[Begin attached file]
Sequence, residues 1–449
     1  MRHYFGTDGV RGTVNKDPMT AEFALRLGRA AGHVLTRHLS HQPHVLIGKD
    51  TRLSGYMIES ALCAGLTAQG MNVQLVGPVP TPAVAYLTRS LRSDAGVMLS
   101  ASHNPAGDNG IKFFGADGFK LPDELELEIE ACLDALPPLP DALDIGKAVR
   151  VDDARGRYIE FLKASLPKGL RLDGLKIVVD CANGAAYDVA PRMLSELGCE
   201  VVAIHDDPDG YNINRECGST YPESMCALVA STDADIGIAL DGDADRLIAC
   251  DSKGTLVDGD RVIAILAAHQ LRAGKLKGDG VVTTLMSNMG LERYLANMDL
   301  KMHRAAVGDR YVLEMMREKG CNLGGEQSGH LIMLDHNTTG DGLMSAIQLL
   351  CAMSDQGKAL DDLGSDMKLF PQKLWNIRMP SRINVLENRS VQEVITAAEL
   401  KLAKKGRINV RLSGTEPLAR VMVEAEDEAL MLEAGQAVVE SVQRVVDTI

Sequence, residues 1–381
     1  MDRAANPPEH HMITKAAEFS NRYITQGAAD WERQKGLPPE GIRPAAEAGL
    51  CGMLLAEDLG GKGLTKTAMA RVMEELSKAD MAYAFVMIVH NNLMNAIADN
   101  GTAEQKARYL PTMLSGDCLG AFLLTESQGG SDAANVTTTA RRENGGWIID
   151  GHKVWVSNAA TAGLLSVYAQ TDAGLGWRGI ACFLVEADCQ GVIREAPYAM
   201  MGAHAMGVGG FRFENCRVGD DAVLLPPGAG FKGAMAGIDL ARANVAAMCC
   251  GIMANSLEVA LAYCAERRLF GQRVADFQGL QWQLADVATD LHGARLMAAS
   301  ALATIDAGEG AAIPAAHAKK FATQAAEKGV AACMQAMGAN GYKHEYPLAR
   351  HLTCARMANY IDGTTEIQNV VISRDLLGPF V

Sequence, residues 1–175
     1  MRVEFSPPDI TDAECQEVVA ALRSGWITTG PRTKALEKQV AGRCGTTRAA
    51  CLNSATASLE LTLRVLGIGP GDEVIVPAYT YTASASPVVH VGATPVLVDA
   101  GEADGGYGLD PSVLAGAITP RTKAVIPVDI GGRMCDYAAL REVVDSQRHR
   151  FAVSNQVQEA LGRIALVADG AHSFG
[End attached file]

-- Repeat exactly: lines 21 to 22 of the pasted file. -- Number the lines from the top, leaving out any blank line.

     1  MRVEFSPPDI TDAECQEVVA ALRSGWITTG PRTKALEKQV AGRCGTTRAA
    51  CLNSATASLE LTLRVLGIGP GDEVIVPAYT YTASASPVVH VGATPVLVDA